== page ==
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A look back at Rowell Fair and the proclamation in 77 archive photos of Rothwell's historic charter reading

God save the King and the Lord of the Manor!

On Monday, (June 5) at 6am, as the chimes of Holy Trinity Church Rothwell ring out, Bailiff Frank York, astride a horse, will begin the age-old and adrenaline-filled proceedings.

Hundreds throng the streets for Proclamation Day to hear multiple readings of the charter granted by King John in 1204 for a market and fair to be held in the town.

Tots of rum and milk are used to toast the monarch after the charter is read outside hostelries in the town and at sites of former pubs.

Celebrations hark back to the past when a bailiff collected rents, accompanied by bodyguards called halberdiers carrying large spear-like poles – halberds – to protect him as went about his business.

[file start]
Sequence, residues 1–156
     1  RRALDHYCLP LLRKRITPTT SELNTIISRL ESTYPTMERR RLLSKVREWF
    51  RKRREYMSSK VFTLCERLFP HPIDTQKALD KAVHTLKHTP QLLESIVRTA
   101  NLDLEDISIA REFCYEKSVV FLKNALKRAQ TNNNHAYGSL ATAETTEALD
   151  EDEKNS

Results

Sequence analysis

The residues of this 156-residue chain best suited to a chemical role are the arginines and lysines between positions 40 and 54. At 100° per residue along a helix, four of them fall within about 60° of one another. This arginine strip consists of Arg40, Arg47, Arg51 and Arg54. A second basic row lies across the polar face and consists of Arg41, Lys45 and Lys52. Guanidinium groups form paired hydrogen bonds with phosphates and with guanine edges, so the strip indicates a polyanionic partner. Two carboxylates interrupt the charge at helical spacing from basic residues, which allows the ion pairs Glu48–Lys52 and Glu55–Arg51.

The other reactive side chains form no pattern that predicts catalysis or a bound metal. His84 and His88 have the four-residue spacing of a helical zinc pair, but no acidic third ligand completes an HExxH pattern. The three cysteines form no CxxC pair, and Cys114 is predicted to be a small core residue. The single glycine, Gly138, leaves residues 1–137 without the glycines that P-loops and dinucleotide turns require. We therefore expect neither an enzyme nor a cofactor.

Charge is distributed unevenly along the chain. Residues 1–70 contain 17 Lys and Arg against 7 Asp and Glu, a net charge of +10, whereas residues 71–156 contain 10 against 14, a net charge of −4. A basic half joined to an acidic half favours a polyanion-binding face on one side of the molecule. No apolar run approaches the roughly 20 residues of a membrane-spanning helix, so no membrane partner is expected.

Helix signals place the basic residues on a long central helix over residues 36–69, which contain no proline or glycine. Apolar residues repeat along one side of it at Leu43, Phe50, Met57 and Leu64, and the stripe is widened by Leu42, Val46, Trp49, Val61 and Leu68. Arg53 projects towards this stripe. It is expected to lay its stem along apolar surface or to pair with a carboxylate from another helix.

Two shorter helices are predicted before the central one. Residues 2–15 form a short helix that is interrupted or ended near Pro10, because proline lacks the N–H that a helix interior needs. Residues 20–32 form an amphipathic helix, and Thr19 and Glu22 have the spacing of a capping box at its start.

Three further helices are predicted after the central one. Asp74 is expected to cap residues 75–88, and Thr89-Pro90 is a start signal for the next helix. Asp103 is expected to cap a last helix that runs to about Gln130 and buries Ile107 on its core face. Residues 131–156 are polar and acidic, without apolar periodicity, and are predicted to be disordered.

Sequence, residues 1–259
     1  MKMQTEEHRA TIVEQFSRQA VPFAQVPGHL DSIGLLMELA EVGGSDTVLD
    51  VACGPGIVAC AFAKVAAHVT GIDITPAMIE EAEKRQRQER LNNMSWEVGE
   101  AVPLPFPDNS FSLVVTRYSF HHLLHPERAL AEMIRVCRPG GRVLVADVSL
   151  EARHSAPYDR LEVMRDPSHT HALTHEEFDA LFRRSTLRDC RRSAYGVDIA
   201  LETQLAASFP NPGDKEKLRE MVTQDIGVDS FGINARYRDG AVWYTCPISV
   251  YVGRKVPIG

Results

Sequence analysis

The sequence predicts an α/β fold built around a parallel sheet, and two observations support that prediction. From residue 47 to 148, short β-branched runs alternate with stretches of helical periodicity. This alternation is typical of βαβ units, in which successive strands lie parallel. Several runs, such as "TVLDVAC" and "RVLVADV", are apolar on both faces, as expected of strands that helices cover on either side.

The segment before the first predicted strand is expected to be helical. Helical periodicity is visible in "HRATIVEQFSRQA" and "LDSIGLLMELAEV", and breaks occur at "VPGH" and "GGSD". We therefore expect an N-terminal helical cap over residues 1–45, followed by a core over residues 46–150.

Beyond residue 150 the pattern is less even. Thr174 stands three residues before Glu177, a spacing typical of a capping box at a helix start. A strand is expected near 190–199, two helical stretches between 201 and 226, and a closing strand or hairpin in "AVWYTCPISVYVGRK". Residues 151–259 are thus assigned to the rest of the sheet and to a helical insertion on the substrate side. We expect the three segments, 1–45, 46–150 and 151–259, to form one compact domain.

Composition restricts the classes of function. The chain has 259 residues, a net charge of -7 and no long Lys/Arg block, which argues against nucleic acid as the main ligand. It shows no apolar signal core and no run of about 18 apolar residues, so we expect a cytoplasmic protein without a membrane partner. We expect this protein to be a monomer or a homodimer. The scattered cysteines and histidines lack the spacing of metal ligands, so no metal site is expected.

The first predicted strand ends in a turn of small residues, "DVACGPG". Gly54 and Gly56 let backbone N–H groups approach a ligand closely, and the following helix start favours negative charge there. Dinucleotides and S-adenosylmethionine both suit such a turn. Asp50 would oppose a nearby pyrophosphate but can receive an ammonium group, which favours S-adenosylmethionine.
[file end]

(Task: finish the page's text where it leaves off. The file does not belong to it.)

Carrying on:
The short halberds carried today have metal ball heads. On the sound of a whistle attempts are made to disarm the halberdiers leading to sometimes bloody scuffles.

Tots of rum and milk are used to toast the monarch after the charter is read outside hostelries in the town and at sites of former pubs.

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